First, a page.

Gone are the days of the complacent worker who is content with doing the same job year after year regardless of perils in the status quo. Today, most people expect more from the organizations that employ them, and rightfully so.
That’s why over the last 30 years, organizational researchers have put a lot of focus on studying employee engagement. More recently, that focus has evolved into the study of employee happiness, as we see more and more research that shows the link between employee engagement and organizational success. As the world continues to learn more about human psychology and happiness, leaders are realizing that supporting individuals in their pursuit of job satisfaction is not only a sound business decision, but also an ethical and moral one.
So, how can you ensure that your employees are engaged and happy with their roles at your company? You can start by asking questions.
Ask These Six Important Questions
From a business standpoint, asking the right questions allows you to discover problems and nip them in the bud early on. From an ethical perspective, it can help you support your employees and satisfy their fundamental needs and goals.
You probably have seen a variety of employee engagement surveys and 360-degree interview approaches, but every leader should start by asking their employees these six questions. They address two dimensions from each of three significant categories: support, clarity, and conflict. Use these questions to obtain information that can help optimize your organizational culture, leadership, and ultimately, your bottom line.
1. Organizational Support
Is there anything you need from the organization to be successful in your role? Anything you need more or less of?
2. Leader Support
Is there anything you need from me? Anything I could be doing differently that would be helpful to you?
3. Role Clarity
Is there anything unclear about your role? Anything you need clarity or direction on?
4. Career Clarity
Do you still have a vision for how this role will help get you to your goals? Anything you want to discuss or brainstorm on?
5. Task Conflict
Is there anything about your current role that is aggravating or bothersome? Is there anything you’d like to do that you’re not currently doing?
6. Team Conflict
Is there anyone with whom you’re experiencing some challenges? Anyone a little difficult to work with at the moment?
How To Get Started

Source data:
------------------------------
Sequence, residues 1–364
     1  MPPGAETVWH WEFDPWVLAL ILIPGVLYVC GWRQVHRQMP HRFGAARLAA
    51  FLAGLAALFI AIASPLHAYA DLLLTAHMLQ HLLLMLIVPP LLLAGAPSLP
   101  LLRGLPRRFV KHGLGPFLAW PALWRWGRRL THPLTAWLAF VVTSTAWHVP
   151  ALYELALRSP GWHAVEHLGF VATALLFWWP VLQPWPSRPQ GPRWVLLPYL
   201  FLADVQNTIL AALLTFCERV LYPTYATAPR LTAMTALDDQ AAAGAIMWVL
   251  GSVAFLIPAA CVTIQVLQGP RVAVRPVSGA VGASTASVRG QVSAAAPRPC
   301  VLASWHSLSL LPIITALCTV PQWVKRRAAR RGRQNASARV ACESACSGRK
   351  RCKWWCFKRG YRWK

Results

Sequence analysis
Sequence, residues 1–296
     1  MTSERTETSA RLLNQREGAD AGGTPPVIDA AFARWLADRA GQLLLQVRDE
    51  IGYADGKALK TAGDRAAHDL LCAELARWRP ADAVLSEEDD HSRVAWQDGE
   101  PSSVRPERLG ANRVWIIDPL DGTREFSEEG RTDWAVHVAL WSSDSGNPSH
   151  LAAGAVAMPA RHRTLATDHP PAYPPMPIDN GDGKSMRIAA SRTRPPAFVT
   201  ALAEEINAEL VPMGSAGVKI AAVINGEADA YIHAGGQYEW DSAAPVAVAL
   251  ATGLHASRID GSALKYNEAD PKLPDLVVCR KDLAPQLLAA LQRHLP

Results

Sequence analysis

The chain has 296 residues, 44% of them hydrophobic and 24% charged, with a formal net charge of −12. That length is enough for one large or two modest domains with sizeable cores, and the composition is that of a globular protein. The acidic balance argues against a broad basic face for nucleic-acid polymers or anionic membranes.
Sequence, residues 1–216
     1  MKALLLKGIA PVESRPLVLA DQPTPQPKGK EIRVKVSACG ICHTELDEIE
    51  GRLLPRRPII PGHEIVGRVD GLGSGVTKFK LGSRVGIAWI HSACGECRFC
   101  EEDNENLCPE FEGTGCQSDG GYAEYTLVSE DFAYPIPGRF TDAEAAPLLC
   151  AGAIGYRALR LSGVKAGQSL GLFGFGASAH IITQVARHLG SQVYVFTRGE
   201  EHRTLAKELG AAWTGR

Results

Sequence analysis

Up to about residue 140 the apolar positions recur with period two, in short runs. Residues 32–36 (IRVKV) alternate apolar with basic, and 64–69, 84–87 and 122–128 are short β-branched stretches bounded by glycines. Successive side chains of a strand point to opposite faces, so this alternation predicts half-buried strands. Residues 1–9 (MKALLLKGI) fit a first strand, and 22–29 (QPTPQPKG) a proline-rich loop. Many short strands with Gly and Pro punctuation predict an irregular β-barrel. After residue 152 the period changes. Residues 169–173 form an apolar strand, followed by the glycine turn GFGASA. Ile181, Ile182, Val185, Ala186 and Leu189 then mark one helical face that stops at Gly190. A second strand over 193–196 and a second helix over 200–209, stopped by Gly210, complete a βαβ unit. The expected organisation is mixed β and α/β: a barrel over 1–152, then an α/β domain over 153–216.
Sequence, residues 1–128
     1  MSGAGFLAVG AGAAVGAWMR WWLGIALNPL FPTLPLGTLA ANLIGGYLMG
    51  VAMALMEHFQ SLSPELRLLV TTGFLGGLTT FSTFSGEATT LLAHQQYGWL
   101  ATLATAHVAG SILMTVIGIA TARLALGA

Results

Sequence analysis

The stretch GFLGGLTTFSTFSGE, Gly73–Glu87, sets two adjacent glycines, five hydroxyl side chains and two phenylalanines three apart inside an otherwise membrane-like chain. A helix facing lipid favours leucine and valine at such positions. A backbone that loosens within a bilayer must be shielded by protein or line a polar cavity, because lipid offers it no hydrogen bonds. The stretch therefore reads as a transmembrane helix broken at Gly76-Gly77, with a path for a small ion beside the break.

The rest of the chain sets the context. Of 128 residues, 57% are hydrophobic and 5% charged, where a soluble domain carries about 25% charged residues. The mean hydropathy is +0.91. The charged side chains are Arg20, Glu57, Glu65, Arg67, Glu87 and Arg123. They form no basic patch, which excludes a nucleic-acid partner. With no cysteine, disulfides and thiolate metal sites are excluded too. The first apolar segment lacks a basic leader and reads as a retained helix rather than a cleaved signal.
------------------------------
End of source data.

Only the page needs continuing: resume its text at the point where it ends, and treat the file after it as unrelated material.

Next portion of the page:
To tackle any issues before they grow into more difficult pitfalls, you may want to have monthly one-on-one check-ins with your direct reports. Ideally, you should have these meetings over the phone or in-person—rather than via email, as many employees may be reluctant to respond honestly in writing.
If you don’t have time to check-in with everyone, you might want to think about creating an “employee engagement leadership team” and assign each leader a small group of individuals to check in with every month. Ideally, the leadership team members should be tenured employees that the rest of your staff trusts, and who will create a report for you after each check-in. While you should read these reports in their entirety, you may also want to have the engagement team leaders flag critical issues so you don’t miss them.
During the interviews, it’s important that you, as the leader, create and model an atmosphere of trust and confidentiality. Employees answering these questions need to feel confident that nothing they say will come back to haunt them later on. Rather, they should see these check-ins as spaces for curiosity, care, and creativity. If you designate others to conduct the interviews, stress the importance of strict confidentiality, and ensure that they know how to handle personal, sensitive information appropriately.
Using the Information To Improve Your Company
Remember, gathering the information is just the start. Once you have it, you need to decide what you’ll do with it. Resist the urge to sit on important data. Ignoring such information can lead to a whole host of logistical, financial, and potentially even legal challenges down the road. This is especially true when it comes to your employees. After all, where would you or the organization be without your loyal, hard-working staff? And when you look after your employees, they’re more likely to be invested in and look after your company’s success.
By: Jeremy Pollack
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